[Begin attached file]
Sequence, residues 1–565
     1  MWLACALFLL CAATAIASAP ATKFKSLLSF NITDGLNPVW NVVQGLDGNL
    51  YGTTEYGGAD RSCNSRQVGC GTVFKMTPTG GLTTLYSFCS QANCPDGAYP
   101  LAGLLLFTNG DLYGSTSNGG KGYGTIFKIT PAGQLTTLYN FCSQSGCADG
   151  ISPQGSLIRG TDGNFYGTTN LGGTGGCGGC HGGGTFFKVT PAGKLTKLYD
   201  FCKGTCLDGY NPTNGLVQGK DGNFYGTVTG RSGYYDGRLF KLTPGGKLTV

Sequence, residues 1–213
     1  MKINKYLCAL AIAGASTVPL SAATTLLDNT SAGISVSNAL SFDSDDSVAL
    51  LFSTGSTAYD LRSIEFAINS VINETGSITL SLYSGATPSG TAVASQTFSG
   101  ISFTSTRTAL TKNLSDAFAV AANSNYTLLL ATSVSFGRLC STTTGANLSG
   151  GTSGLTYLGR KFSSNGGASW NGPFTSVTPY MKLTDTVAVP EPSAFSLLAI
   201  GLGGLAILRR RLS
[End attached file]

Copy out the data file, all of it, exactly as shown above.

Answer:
Sequence, residues 1–565
     1  MWLACALFLL CAATAIASAP ATKFKSLLSF NITDGLNPVW NVVQGLDGNL
    51  YGTTEYGGAD RSCNSRQVGC GTVFKMTPTG GLTTLYSFCS QANCPDGAYP
   101  LAGLLLFTNG DLYGSTSNGG KGYGTIFKIT PAGQLTTLYN FCSQSGCADG
   151  ISPQGSLIRG TDGNFYGTTN LGGTGGCGGC HGGGTFFKVT PAGKLTKLYD
   201  FCKGTCLDGY NPTNGLVQGK DGNFYGTVTG RSGYYDGRLF KLTPGGKLTV

Sequence, residues 1–213
     1  MKINKYLCAL AIAGASTVPL SAATTLLDNT SAGISVSNAL SFDSDDSVAL
    51  LFSTGSTAYD LRSIEFAINS VINETGSITL SLYSGATPSG TAVASQTFSG
   101  ISFTSTRTAL TKNLSDAFAV AANSNYTLLL ATSVSFGRLC STTTGANLSG
   151  GTSGLTYLGR KFSSNGGASW NGPFTSVTPY MKLTDTVAVP EPSAFSLLAI
   201  GLGGLAILRR RLS